I try to be so careful, but today it happened…again. I accidentally flattened and saved over my scrapbook page—in a small 600 x 600 pixel size.
When I realized the unhappy truth my mouth flew open and I’m sure my face registered shock, disbelief, and dismay. How could I have so carelessly saved over my original full-size fully-layered scrapbook page? Aaaaaarrrrrggghhh!
How It Happens
One of the most common ways to accidentally save over a scrapbook page is when you prepare it for uploading to a gallery. The page must be flattened and downsized so the longest side is somewhere in the range of 600 to 700 pixels.
The next step is to Save for Web. Both Photoshop and Photoshop Elements save a copy of your page during the Save for Web process, but once you click the Save button and the dialog box disappears, the original page is still open on your desktop. If you saved your page earlier as a layered PSD, the name of the file will still say it’s a PSD.
Question: Are you paying attention? No?
Uh-oh. Something bad is about to happen.
When you click the Close icon on your page a notice will pop up asking you if you want to save your changes. If you don’t notice that the Layers panel contains only one layer and you click Save, you’ve just saved your page (the one you loved and labored over) as a small flat image.
All Is Not Lost—Yet
If you take a second look and realize your mistake, you can Undo and get your layers and larger size back. BUT if you close the file before undoing, so sorry…your large fully-layered page is gone forever.
You cannot recover this mistake. I’ve had several people write and ask if there’s a way to upsize this image back to its original dimensions.
Yes and no.
It’s possible to upsize your image using the Image Size dialog box, but your page will look terrible and won’t be worth printing. Better to let it R.I.P. as a gallery image only.
So, is there nothing that can be done?
Actually, there IS something you can do NOW to prevent this from ever happening again.
Turn Loss Into Triumph
When I saw what I had done to my page I had a moment of sheer panic. Then reason kicked in and I told myself, “OK, calm down.” I slowed my breath from hyper-ventilation state and began to think through possibilities:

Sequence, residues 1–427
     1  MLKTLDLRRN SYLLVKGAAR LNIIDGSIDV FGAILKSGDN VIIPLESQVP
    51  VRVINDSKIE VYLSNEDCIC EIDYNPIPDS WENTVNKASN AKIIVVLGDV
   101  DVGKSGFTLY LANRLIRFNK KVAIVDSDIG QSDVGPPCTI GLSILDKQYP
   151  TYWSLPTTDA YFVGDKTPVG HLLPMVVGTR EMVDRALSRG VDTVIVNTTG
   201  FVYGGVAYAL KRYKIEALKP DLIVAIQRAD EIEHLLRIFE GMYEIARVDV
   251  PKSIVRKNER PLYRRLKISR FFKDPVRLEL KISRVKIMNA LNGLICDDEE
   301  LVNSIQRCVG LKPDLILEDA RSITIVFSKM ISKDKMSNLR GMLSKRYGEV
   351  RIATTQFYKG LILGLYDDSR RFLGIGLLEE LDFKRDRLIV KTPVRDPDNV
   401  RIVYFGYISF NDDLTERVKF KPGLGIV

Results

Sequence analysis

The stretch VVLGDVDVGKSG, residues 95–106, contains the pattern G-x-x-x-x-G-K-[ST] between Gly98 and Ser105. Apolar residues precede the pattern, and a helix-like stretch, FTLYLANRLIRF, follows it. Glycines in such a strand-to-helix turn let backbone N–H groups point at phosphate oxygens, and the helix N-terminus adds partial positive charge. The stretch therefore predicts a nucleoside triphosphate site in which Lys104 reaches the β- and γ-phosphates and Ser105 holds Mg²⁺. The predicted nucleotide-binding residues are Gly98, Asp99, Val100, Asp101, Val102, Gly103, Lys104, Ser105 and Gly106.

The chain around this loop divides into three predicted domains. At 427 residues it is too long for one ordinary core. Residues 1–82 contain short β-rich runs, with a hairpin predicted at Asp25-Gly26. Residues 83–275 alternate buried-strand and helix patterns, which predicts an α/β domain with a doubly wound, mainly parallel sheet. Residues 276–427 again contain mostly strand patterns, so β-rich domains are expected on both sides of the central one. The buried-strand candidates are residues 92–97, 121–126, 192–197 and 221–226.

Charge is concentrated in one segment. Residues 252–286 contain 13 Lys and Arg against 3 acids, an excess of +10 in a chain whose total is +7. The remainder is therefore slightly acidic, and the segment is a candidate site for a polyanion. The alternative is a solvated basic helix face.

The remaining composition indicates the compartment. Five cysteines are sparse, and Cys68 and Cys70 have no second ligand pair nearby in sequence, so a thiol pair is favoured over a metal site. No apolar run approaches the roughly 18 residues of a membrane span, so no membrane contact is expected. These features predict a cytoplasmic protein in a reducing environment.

“Well…this page isn’t that important. It’s just an example for a tutorial and I even used a stock photo.
“But darn it! I might need to access those layers again! Maybe I could rebuild the page from scratch using the small image as my guide…
“No…the mask I used with the image was kind of complicated. That would be a royal pain!”
Safeguard Against Loss
Then it struck me like a bolt of lightning: I had a backup!
Just the night before I had run a backup from my regular Scrapbook external hard drive to my backup external hard drive aptly named “Scrapbook BU.” My fully-layered large-size page was safely stored on my backup, and all I had to do was copy it to my regular Scrapbook drive.
Whew! Oh the relief and patting myself on the back for having done that!
What You Can Do
Here’s some advice, but you have to follow it BEFORE you need it:
• If you’re prone to saving over scrapbook pages, make a duplicate of your page when you’re ready to resize it for a gallery.
In Photoshop Elements choose File > Duplicate.
In Photoshop choose Image > Duplicate.
When you’re done creating the gallery image, close the duplicate page without saving it.
Warning: I don’t duplicate my page when making a gallery image because I either choose File > Revert (Photoshop Elements: Edit > Revert) or I simply close the page without saving it. But no matter how careful you normally are, there will come a time when you aren’t paying attention and it’ll say, “Gotcha!”
• Back up your hard work. Don’t just make a duplicate folder on your computer. If your computer dies, and it will someday at a most inconvenient moment, you’ll probably lose everything on it. Instead, back up your hard work on an external hard drive.
External hard drives are cheap and easy to connect to your computer via the USB port. I use a 2 Terabyte external drive for all my scrapbooking and a second 2 TB drive for a backup. (I also have a regular and backup external drive for my photos.)
Do a search online for recommendations and reviews of external hard drives. Technology is constantly changing, so I can’t tell you what to buy. My recommendation would be outdated almost as soon as I gave it.
• And finally, print out your pages or create real books you can hold in your hands. Having all your lovely work stored away in your computer is like placing a lighted candle under an upside down flower pot. It doesn’t do much good. Get those pages out where you and your family and friends can enjoy them!
Page: Winter Squirrel by Linda Sattgast
Kits: APP Give Thanks and Family by Anna Aspnes, Christmas Wishes by Kristin Cronin-Barrow, A Love Story by Krystal Hartley
Fonts: Amigirl Script and Orator Std
Author: Linda Sattgast | Contact Us
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